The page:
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The Legacy of the Second World War
The Legacy of the Second World War
John Lukacs
Yale University Press, 2010
208 pp., $40.00

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Philip Jenkins


Still Reckoning

A master historian’s summing up of World War II.

When I teach a course on the history of World War II, I usually begin with a series of "Before and After" images, showing the technology available to combatants at the beginning and the end of hostilities. In 1939, for instance, the British still deployed a sturdy biplane called the Gloster Gladiator, which would not have looked wildly out of place over Flanders fields in 1917. By 1944, the Gloster firm was manufacturing a ferocious jet fighter called the Meteor, which was urgently needed to meet the rising generation of new German jets like the Me-262. The Germans, meanwhile, were working on even more stunningly radical craft like the Horten flying wing fighter-bomber, a science-fiction dream that unnervingly resembles contemporary U.S. stealth fighters. When we recall the phenomenal progress made in those years in electronic computing and rocketry, medicine and material science, to say nothing of nuclear weapons, we appreciate the scale of the technological, social, and cultural revolution triggered by the war.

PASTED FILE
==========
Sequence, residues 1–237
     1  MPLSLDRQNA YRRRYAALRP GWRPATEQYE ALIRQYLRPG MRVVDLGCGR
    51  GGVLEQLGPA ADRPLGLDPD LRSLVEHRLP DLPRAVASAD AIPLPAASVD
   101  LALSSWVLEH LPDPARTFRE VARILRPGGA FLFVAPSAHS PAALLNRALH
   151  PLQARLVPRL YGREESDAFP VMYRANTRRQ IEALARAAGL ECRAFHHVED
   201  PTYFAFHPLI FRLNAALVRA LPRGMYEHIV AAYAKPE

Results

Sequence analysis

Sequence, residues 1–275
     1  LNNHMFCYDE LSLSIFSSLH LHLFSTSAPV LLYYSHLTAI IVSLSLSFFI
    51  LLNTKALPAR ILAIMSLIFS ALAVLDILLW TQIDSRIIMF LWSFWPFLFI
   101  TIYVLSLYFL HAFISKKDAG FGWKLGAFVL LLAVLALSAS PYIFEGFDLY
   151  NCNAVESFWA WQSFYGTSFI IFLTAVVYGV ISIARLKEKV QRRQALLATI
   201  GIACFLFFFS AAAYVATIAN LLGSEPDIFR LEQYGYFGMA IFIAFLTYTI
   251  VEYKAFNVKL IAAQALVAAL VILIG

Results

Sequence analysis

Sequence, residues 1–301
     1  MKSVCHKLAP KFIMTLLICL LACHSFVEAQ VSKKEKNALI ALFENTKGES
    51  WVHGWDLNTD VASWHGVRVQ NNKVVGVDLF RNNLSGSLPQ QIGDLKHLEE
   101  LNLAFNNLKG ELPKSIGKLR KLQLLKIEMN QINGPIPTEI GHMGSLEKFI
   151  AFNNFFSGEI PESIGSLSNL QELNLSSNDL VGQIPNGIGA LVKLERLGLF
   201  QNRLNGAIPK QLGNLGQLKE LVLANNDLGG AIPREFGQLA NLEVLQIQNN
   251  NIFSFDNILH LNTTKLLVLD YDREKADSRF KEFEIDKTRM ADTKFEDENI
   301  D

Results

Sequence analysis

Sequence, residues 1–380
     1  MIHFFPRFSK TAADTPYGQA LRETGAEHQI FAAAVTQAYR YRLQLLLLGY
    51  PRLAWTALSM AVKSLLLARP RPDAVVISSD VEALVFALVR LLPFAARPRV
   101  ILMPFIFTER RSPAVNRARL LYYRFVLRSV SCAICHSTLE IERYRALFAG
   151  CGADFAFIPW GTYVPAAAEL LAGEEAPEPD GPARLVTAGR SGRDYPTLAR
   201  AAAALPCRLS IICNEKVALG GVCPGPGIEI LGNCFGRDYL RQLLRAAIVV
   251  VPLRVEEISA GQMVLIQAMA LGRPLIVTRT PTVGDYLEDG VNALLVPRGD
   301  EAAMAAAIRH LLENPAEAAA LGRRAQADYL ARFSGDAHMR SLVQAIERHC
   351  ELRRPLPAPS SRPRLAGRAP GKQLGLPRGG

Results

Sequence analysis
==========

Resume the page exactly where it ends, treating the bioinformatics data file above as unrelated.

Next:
John Lukacs has long argued for the central role of those years in shaping our contemporary reality, and The Legacy of the Second World War represents his most developed version of his argument to date. I emphasize this cumulative quality because Lukacs' works really all constitute components of one grand oeuvre, and Legacy is a series of brilliant meditations on themes that have stirred him for decades.

Specifically, he presents his agenda in the form of six key questions: "Was the Second World War inevitable? Was the division of Europe inevitable? Was Hitler inevitable? Was the making of atomic bombs inevitable? Was America's war against Germany inevitable? Was the Cold War inevitable?" In the hands of a lesser mortal, this thematic approach might have produced a series of self-contained case-studies. Legacy has something of this approach. Lukacs' nuclear discussion focuses strictly on the careers of Niels Bohr and Werner Heisenberg, while his account of American ...

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